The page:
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The Crack Magazine



I can answer with certainty that white boys with guitars haven’t figured very much…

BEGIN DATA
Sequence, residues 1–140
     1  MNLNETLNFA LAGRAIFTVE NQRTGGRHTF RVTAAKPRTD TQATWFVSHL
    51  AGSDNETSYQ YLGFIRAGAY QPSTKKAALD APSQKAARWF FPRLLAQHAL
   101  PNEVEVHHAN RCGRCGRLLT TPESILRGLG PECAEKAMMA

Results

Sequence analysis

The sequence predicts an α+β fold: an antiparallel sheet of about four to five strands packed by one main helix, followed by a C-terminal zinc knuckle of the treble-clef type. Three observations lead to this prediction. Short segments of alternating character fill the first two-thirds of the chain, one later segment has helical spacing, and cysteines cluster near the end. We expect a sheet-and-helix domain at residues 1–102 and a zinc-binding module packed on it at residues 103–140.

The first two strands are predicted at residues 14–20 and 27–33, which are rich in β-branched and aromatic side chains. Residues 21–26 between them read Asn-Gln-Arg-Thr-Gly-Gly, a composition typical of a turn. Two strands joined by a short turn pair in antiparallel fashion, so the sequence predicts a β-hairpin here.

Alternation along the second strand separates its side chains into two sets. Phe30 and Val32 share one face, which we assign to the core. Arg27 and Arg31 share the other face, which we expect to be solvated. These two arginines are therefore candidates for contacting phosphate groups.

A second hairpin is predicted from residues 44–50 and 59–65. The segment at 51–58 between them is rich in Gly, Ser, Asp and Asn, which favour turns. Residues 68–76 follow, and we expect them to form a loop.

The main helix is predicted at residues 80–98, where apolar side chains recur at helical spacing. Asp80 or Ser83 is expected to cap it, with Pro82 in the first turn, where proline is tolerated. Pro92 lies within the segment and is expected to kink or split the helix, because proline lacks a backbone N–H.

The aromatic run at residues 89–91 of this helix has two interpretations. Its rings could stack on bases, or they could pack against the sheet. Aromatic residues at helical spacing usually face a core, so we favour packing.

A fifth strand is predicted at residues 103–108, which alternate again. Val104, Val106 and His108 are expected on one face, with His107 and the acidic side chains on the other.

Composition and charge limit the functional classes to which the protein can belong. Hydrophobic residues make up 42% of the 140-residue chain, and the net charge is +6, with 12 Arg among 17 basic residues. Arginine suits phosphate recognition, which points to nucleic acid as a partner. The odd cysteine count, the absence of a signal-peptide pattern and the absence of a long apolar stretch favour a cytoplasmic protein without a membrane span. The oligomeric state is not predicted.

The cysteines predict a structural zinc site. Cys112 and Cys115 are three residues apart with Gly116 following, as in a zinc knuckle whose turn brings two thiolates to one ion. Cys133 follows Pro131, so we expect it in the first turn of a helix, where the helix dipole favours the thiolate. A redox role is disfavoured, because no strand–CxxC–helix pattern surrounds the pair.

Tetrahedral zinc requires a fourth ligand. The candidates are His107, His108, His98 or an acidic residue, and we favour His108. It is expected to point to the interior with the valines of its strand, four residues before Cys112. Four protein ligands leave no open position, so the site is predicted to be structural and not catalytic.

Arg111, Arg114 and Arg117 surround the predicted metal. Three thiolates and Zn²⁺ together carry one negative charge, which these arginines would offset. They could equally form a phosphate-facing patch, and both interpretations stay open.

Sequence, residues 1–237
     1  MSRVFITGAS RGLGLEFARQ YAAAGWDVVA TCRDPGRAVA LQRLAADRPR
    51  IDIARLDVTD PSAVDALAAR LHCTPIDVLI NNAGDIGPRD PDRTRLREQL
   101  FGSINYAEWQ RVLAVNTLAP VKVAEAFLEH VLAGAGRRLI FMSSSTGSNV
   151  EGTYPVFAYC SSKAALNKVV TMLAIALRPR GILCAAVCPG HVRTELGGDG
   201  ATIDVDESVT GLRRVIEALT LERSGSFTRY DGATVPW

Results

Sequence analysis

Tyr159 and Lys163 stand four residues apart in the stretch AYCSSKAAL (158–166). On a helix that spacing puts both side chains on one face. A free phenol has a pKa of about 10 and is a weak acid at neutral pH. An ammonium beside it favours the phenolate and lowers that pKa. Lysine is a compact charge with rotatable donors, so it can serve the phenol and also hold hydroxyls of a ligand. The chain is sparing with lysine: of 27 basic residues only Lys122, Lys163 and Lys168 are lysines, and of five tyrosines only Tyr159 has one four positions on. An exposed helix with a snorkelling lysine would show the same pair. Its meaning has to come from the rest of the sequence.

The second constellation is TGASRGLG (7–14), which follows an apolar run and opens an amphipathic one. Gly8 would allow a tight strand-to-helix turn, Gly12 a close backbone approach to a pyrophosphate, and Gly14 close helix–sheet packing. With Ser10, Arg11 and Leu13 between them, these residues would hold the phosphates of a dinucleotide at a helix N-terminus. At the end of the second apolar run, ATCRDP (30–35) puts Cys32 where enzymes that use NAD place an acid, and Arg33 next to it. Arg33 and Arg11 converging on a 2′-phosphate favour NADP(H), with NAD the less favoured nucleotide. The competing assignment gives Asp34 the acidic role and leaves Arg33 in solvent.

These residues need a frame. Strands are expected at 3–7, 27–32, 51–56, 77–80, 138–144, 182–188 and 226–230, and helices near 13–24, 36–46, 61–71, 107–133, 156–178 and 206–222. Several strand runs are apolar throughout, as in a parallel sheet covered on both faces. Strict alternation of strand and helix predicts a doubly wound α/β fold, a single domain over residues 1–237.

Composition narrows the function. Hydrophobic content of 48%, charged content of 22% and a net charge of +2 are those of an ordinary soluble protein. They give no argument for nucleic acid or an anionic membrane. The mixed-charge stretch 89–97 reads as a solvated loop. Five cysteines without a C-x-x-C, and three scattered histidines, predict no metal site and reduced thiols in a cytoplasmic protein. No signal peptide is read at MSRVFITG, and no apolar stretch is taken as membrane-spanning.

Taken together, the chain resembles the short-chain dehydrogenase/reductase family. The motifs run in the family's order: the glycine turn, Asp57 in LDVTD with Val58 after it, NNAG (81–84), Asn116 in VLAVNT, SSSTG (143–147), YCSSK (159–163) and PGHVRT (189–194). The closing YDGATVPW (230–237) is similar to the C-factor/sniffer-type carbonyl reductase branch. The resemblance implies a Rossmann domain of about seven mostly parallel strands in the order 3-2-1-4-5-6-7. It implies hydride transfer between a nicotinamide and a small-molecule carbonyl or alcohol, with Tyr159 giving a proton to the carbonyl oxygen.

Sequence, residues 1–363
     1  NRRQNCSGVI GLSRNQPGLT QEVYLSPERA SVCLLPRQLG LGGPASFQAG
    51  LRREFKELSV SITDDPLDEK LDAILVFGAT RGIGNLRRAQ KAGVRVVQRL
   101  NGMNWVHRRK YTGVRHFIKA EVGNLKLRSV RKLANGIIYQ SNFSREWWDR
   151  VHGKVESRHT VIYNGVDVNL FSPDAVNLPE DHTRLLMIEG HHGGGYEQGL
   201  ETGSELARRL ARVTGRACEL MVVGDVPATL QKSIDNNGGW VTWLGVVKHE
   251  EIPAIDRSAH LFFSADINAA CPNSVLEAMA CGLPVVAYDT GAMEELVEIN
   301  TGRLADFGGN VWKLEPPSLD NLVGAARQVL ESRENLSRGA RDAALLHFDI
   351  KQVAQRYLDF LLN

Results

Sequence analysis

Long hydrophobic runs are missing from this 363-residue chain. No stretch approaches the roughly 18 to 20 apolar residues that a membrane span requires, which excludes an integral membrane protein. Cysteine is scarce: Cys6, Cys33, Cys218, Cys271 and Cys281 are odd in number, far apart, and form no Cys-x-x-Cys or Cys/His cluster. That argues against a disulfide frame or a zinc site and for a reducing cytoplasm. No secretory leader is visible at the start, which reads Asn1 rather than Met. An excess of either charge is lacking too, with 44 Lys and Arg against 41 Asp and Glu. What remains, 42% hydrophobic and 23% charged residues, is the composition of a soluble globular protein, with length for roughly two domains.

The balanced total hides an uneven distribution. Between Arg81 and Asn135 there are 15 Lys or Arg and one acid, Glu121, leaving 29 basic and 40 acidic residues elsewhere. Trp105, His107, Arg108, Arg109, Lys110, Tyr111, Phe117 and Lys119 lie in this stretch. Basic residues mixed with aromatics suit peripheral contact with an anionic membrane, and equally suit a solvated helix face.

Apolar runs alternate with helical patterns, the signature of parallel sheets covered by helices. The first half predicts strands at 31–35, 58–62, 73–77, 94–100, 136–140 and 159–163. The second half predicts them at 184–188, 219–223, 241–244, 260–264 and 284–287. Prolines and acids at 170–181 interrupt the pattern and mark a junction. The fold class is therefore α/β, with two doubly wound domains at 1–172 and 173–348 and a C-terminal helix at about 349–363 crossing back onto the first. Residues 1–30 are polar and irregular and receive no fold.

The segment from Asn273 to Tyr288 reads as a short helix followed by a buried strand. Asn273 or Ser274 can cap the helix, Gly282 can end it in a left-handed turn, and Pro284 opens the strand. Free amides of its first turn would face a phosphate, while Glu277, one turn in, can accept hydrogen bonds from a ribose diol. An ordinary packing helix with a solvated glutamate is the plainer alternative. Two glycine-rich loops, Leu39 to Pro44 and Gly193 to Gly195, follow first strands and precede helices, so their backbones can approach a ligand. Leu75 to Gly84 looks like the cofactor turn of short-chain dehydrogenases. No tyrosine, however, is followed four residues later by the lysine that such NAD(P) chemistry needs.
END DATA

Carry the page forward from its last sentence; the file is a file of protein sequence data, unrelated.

When the editor of The Crack commissioned this piece I thought, great, I can stop thinking about new variant Deja Vu or Boris Johnson (and his sleazy minions), get my spacesuit off for a while and think beyond the borders of this lonely isolation unit. But as I cast my mind back over another Plague Year, I couldn’t help wondering whether this year’s favourite things would have shadowed a ‘normal’ year’s favourite things. Would I have picked Ghetts’ sweet melodied but hard-hitting ‘Conflict of Interest’ or Little Simz’ ‘I Might Be Introvert’ (another classic from the Inflo stable) as joint favourite albums of the year? And without the time working from home would I have had the inclination to give Cornershop’s tune heavy ‘England is a Garden’, Du Blonde’s ear wormy ‘Homecoming’ or all three of Lonelady’s stuttering post punk masterpieces a spin (or thirty)? Questions that are impossible to answer, of course - but I can answer with certainty that white boys with guitars haven’t figured very much, whether of the vintage or modern variety, and I don’t see that changing anytime soon (Big Star and The Replacements excepted, always and of course). As a confirmed bibliophile, however, I find it hard to admit that the five albums mentioned above excited me more than almost anything I read this year, with the possible exception of Will Burns’ ‘The Paper Lantern’, Emma Cline’s ‘Girls’ and Rachel Kushner’s ‘The Hard Crowd’, the last two of which in their different ways, reminded me of the time I lived in an Arizona border town in 1971. (A town both writers would have felt right at home in observing the antics of my friend’s brothers, both of whom were Hell’s Angels, who had a habit of suddenly screaming at me just to watch me jump, and whose house, festooned with nudie pictures, never had any sign of a parent. I won’t bother mentioning their pet scorpion or well-tended nest of Black Widow spiders.) And films? What about them? What film - in what cinema, in what world - could possibly be more interesting than an Arizona border town in 1971? Especially when explored in full spacesuit, armed with nothing more than childish naivete to face down rabid dogs, poisonous snakes and tarantulas coming at you faster than a speeding bullet. And, now you mention it, why would anyone want to sit in a cinema with (or without) a mask? But with booster jabs hanging from both biceps and both thighs and a spacesuit on, I can honestly say that my favourite film ‘would’ have been Todd Haynes’ Velvet Underground doc. What did I say about white boys with guitars? Lou Reed and Sterling Morrison will always remain exceptions as I’m sure Moe Tucker and John Cale would attest. So up yer VU! And, of course, a happy and healthy 2022.

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